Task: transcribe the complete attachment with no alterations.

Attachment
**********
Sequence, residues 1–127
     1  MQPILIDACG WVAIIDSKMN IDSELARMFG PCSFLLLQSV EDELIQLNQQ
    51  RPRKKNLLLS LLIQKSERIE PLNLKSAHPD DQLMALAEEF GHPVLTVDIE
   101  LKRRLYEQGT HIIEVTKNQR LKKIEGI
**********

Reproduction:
Sequence, residues 1–127
     1  MQPILIDACG WVAIIDSKMN IDSELARMFG PCSFLLLQSV EDELIQLNQQ
    51  RPRKKNLLLS LLIQKSERIE PLNLKSAHPD DQLMALAEEF GHPVLTVDIE
   101  LKRRLYEQGT HIIEVTKNQR LKKIEGI